Digital art illustration of a flip phone, slide phones and an iPod, drawn in a cartoonish style.
Design by Evelyne Lee.

“I call it my ‘off-the-grid’ time,” she tells me as she proudly holds up the device. It is not an iPhone, but rather, a flip phone. LSA sophomore Olivia Spaulding explained that she purchased the TCL flip phone in an effort to block out the distractions and anxiety provoked by her regular smartphone. “I can scroll for hours without even realizing it,” she admitted in an interview with The Daily. “This eliminates that temptation.” 

Spaulding is just one of the many members of Gen Z who have recently readopted the mid-1990s-era cell phones in lieu of their smartphones. Google searches for the keyword “flip phone” have increased by over 140% in the past five years, taking the internet by storm in what some are calling the “flip phone revolution.”

The flip phone is one of the few “vintage” devices that have experienced a resurgence in popularity over the past few years. For many, this return to vintage technologies is not just a reflection of an aesthetic trend, but rather a response to increasing issues of digital overstimulation. Providing relief from the overwhelming qualities of high-tech devices, “retro tech” products including digital and polaroid cameras, record players and even CD and MP3 players have all witnessed an explosion in market demand. Quickly becoming technology’s biggest comeback kid, the flip phone has recently joined the variety of devices that have gone from obsolete to stylish overnight. Endorsed by celebrities including Camila Cabello and Dove Cameron, the flip phone movement has been applauded by various influencers in interviews announcing their conversion back to retro devices. 

Receiving well over 627 million views on TikTok, the hashtag “#flipphone” has elicited a wide array of reactions from audiences. While critics of the trend claim that the revival of these devices is purely the result of nostalgia-based marketing tactics, the real reason behind the reappearance of these technologies may be more complicated. Namely, many users of the devices have attributed their switch to technology overstimulation — a problem that has become prevalent among recent generations.

With an average of almost seven hours spent staring at screens per day, it is estimated that the standard American will spend the equivalent of 44 years of their life staring at screens. Research has revealed the consequences of excessive screen time to be especially harmful, with mounting diagnoses of ADHD and mental health disorders reflecting the dangers of overuse. 

“There’s a growing segment of people that would like to be disconnected but still have access to the things they want,” said Ryan Reith, the program vice president of mobile devices at International Data Corporation, in an interview with CBS News. And for many, the solution to this digital dilemma can be found in these vintage technologies. Not only do they provide a chance to disconnect from social media and the other addictive components found in smartphones, but these retro devices also provide a certain physical element that more modern ones seem to lack. From the grainy exposure of polaroid and film cameras to the static background noise produced by vinyl, these older products provide a certain experience that has been lost in the digital age.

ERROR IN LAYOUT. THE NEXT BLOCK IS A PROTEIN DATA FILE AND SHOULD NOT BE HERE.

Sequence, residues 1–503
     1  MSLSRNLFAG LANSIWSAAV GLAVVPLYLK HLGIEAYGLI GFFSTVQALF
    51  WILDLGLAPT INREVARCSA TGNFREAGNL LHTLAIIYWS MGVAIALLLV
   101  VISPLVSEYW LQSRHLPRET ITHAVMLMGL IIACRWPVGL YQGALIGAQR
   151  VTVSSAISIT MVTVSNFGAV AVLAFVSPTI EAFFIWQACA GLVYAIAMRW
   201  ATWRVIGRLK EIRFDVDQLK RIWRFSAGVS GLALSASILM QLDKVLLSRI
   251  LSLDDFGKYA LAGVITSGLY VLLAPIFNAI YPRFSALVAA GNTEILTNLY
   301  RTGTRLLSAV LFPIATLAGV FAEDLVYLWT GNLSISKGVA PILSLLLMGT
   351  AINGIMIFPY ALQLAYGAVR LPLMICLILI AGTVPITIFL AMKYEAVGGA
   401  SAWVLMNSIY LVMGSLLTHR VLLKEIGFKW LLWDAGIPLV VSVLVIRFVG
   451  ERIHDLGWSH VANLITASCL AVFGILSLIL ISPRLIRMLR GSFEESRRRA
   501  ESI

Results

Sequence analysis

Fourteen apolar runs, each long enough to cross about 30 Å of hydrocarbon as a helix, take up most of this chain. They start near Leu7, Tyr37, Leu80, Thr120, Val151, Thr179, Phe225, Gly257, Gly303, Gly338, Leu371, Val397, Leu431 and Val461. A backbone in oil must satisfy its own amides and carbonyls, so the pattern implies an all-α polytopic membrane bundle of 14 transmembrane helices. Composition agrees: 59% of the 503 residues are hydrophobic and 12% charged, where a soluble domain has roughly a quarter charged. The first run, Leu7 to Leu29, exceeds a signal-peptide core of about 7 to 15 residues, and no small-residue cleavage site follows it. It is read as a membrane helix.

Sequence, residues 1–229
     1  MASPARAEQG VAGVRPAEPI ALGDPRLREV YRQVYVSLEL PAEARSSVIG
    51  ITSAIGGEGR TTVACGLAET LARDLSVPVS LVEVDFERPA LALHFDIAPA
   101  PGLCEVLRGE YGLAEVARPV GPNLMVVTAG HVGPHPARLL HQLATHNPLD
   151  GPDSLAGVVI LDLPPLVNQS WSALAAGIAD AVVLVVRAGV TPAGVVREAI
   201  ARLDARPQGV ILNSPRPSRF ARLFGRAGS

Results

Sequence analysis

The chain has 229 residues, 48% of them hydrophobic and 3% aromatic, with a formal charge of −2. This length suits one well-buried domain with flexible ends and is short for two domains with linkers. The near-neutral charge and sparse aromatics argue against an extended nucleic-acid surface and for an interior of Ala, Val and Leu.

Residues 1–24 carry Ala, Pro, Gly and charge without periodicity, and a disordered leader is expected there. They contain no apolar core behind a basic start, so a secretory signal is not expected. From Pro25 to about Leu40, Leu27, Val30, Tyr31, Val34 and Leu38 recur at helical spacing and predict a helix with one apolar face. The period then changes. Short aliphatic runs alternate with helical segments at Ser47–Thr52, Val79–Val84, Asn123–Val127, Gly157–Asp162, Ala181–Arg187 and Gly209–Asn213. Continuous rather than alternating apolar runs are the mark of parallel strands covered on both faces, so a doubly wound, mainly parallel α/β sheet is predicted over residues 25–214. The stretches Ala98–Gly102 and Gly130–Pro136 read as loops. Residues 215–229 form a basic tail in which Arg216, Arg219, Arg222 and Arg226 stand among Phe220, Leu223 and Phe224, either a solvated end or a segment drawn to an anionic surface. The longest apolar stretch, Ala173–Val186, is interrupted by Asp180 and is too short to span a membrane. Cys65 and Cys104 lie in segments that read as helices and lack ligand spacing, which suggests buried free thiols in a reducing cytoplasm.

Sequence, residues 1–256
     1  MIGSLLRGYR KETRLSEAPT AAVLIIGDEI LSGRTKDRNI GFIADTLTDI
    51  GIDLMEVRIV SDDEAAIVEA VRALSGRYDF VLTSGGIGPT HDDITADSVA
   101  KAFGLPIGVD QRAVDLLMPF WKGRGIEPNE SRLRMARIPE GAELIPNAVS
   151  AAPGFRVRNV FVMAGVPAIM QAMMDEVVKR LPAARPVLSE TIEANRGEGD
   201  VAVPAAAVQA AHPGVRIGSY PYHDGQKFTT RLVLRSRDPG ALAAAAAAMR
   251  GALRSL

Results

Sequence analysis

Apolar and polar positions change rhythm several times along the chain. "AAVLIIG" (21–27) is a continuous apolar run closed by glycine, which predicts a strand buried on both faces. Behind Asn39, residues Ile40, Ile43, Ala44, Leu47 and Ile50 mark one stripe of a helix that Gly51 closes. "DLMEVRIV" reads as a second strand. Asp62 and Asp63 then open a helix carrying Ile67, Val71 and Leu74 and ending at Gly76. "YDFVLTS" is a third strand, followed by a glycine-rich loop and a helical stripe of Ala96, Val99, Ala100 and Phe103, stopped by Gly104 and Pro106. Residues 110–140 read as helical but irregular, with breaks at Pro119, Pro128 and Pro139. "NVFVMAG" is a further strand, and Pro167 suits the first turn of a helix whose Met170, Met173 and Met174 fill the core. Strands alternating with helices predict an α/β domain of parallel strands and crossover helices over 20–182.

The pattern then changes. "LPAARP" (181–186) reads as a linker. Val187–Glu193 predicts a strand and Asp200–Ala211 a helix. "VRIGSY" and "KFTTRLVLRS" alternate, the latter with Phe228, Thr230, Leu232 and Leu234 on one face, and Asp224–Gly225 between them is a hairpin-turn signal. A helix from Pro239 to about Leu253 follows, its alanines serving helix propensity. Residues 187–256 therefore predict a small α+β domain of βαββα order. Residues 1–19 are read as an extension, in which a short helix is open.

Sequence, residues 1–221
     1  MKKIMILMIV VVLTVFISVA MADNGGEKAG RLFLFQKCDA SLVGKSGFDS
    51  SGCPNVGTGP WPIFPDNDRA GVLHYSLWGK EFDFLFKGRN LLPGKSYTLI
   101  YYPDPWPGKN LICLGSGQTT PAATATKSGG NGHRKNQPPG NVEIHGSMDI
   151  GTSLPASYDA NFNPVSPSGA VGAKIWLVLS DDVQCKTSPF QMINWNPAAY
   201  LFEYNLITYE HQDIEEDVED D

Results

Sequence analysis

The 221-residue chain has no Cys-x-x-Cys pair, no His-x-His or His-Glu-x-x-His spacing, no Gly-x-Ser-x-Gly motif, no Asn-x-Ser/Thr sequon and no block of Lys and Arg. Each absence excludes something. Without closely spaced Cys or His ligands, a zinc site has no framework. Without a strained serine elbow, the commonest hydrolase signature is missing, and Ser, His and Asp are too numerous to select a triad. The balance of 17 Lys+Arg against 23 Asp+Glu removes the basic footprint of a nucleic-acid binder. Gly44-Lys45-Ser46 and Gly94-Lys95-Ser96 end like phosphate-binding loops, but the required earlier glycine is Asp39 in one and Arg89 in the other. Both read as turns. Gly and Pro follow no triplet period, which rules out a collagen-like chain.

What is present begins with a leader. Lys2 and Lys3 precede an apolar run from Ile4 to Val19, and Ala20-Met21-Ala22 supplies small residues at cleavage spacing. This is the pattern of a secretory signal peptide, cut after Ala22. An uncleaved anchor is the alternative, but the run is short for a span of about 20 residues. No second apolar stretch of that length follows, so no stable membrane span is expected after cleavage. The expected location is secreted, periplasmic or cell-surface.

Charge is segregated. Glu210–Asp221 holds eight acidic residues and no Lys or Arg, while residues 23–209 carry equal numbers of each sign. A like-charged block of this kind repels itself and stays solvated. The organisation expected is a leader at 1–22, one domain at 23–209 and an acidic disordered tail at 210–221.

These retrospective trends provide a stark contrast to the exponential development that the tech sector has seen over the past decade. From the introduction of machine learning software such as ChatGPT to predictive social media algorithms that are strikingly accurate, the resurgence of these “old” devices is increasingly at odds with the newness of the digital age. Such rapid innovation can be overwhelming, making the increase in market demand for these nostalgic products in many ways unsurprising.

However, despite consumers’ genuine desire for a return to technological simplicity, the intentions of businesses are less sincere. Businesses capitalize on nostalgia for past eras to market their products or services. New products feign being vintage through misleading packaging and marketing tactics. Critics argue that these trends become counterintuitive, failing to serve their purpose of fostering minimalism and instead promoting capitalist consumerism. Although businesses may appear to be appealing to a consumer desire for simplicity, in reality, their goals are profit-driven, contributing to the very complexities and waste that consumers seek to escape.

As the tech sector continues to advance at an unprecedented rate, it is likely that an increasing number of individuals will turn to vintage technology to escape the overstimulation of modern devices. While this return to retro tech offers many potential benefits, it is essential that consumers remain cautious of the motivations of businesses that market such devices. The “flip phone revolution” can be seen as a sign of society’s ongoing struggle to balance the benefits of technology with the drawbacks of its overuse.

Tate Moyer is an Opinion Columnist and can be reached at